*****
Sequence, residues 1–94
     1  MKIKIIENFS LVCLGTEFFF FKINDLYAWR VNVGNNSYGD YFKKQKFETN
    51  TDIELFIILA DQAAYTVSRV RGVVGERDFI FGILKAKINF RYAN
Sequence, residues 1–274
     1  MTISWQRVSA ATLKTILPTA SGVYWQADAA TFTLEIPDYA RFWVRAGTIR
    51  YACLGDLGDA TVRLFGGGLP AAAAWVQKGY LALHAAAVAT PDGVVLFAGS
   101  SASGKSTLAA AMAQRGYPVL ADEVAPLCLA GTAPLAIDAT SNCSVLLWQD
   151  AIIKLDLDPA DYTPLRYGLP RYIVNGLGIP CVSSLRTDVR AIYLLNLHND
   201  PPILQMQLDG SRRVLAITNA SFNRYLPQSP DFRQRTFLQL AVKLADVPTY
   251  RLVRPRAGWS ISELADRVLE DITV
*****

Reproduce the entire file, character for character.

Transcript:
Sequence, residues 1–94
     1  MKIKIIENFS LVCLGTEFFF FKINDLYAWR VNVGNNSYGD YFKKQKFETN
    51  TDIELFIILA DQAAYTVSRV RGVVGERDFI FGILKAKINF RYAN
Sequence, residues 1–274
     1  MTISWQRVSA ATLKTILPTA SGVYWQADAA TFTLEIPDYA RFWVRAGTIR
    51  YACLGDLGDA TVRLFGGGLP AAAAWVQKGY LALHAAAVAT PDGVVLFAGS
   101  SASGKSTLAA AMAQRGYPVL ADEVAPLCLA GTAPLAIDAT SNCSVLLWQD
   151  AIIKLDLDPA DYTPLRYGLP RYIVNGLGIP CVSSLRTDVR AIYLLNLHND
   201  PPILQMQLDG SRRVLAITNA SFNRYLPQSP DFRQRTFLQL AVKLADVPTY
   251  RLVRPRAGWS ISELADRVLE DITV